8
Do any of the stars we can observe with tbe naked eye at night have planets orbiting them?
8
How do developers of Nuclear Weapons either keep (or protect themselves from) radioactive materials like Plutonium-239 from potentially ‘leaking’ out particles? Are there any methods to contain these particles from escaping the material so they won’t hurt biological matter near the material?
10
If the vaporization point of water can be changed by increasing pressure, is the freezing point also affected by pressure?
2
Alternates to Xenon for Electric Propulsion?
9
How do we know what an asteroid is made of?
5
If wind is primarily generated by the rotation of the Earth, then how are some days windier than others?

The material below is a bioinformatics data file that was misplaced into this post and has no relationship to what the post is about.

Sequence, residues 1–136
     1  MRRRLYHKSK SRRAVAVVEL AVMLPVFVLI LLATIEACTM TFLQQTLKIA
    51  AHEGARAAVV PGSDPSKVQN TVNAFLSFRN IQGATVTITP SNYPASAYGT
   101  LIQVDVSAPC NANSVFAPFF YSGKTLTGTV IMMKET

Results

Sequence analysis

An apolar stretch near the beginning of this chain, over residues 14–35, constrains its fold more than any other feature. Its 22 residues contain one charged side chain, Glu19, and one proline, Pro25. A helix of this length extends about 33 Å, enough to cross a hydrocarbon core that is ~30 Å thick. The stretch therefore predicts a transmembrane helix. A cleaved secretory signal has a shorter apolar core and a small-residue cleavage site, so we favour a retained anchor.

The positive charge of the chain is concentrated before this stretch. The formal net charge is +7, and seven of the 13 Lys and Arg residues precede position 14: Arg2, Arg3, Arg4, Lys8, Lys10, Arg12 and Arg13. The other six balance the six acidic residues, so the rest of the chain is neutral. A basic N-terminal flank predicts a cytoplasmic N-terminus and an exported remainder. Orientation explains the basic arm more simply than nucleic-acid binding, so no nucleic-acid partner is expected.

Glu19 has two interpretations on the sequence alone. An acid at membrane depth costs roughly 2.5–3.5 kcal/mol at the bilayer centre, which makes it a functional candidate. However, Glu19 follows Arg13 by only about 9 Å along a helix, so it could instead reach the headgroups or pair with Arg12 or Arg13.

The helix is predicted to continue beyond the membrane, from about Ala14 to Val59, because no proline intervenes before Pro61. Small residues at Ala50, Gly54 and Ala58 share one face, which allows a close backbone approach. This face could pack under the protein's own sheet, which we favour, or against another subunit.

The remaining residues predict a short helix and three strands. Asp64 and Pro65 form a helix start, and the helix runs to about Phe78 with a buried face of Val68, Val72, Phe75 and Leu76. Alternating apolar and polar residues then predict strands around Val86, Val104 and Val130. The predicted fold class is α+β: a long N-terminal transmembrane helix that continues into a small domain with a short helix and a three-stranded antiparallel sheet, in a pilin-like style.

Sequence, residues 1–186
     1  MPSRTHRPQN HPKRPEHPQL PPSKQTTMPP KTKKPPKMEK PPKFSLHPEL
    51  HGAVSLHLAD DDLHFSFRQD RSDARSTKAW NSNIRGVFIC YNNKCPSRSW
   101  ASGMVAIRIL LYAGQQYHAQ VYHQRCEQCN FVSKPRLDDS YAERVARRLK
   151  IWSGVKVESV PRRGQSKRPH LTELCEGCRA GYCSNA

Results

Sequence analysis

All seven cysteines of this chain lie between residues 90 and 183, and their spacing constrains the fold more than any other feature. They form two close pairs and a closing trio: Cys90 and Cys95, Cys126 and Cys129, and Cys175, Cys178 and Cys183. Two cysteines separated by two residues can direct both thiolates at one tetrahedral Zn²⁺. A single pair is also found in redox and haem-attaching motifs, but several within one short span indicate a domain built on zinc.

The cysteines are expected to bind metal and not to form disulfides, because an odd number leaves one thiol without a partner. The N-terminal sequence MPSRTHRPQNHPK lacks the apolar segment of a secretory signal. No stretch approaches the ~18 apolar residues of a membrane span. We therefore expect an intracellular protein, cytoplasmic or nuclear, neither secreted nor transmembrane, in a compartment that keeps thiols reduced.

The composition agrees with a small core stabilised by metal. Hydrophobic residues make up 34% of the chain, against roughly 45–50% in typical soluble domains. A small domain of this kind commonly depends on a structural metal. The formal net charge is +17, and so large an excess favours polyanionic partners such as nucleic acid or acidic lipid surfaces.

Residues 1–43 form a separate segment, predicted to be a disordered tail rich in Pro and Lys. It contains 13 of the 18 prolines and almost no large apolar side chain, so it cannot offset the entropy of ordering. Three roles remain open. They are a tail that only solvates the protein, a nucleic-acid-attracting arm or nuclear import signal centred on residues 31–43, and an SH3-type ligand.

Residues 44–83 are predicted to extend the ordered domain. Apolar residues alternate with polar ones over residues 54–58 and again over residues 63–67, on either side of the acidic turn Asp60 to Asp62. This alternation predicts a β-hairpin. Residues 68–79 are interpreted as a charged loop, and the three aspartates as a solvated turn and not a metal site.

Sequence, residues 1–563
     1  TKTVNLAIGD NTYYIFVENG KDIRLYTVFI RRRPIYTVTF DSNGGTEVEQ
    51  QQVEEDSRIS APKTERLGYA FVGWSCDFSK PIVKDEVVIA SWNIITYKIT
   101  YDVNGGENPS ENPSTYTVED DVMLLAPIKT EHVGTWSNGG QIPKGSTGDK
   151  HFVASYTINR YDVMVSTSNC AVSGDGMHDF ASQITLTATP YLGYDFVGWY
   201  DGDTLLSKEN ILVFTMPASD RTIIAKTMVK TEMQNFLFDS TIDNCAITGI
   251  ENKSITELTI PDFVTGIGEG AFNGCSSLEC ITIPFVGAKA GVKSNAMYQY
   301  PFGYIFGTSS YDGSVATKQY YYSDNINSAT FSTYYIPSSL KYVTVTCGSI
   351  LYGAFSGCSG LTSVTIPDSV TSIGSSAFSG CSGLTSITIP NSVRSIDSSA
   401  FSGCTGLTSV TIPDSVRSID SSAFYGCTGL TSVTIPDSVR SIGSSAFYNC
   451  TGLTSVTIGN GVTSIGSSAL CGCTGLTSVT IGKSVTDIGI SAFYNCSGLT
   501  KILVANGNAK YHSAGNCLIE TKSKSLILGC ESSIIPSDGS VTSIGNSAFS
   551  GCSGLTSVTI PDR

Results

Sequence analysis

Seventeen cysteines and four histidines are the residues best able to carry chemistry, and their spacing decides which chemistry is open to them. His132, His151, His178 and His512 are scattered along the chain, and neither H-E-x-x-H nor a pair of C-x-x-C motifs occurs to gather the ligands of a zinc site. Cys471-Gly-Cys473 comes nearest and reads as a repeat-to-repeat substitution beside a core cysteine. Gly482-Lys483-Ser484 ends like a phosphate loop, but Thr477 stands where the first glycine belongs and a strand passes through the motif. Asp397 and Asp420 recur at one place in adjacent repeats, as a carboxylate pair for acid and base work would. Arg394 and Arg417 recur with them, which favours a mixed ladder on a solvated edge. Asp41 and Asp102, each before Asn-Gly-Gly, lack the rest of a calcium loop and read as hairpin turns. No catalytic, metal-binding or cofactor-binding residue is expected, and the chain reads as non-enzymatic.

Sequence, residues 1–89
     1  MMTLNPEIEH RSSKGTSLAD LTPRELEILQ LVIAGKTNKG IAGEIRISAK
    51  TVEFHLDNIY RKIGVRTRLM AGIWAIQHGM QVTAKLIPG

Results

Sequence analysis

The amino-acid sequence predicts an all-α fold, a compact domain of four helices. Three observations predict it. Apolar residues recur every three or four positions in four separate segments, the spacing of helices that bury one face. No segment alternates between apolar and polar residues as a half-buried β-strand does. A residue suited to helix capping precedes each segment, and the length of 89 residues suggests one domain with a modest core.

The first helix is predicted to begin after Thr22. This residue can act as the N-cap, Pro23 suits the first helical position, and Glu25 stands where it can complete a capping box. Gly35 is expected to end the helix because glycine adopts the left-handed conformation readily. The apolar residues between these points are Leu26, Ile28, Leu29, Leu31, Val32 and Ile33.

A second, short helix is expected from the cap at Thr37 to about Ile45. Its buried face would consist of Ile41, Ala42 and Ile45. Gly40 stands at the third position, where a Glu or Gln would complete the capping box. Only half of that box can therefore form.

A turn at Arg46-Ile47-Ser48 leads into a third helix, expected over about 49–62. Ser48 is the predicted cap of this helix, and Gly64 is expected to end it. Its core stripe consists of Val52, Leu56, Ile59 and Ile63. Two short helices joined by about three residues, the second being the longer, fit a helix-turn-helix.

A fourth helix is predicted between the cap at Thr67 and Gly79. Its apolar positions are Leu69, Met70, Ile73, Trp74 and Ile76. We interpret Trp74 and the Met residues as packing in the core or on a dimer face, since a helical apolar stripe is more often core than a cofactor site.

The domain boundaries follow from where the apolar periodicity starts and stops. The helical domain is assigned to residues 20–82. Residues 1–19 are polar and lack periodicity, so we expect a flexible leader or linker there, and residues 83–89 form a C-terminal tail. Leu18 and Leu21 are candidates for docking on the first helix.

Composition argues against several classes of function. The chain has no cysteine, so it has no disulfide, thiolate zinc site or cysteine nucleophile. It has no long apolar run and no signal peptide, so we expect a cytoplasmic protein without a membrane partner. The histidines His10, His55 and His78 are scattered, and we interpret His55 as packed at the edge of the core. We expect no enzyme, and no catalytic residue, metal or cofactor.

8
The failed recovery of the Falcon Heavy's central core was attributed to the booster running out of TEA-TEB. How does this happen if the amount of fluid needed to ignite the engine, and the number of ignitions required is known beforehand?
4
What do we know about the effects of nanoparticles on the human body?
4
How did scientists determine where the Milky Way Galaxy begins and ends?
5740
Does a Mayfly, which only lives a day, evolve fast than a human?
10
How does a "loop sensor" in a street work?
195 RobusEtCeleritas In a beta-plus decay, it's not a single neutron which is decaying into a proton, it's an *entire nucleus* decaying into a new species. While a free proton can't decay into a neutron, beta particle, and neutrino due to energy conservation, an entire nucleus can decay to a species of lower mass by converting one of its protons into a neutron.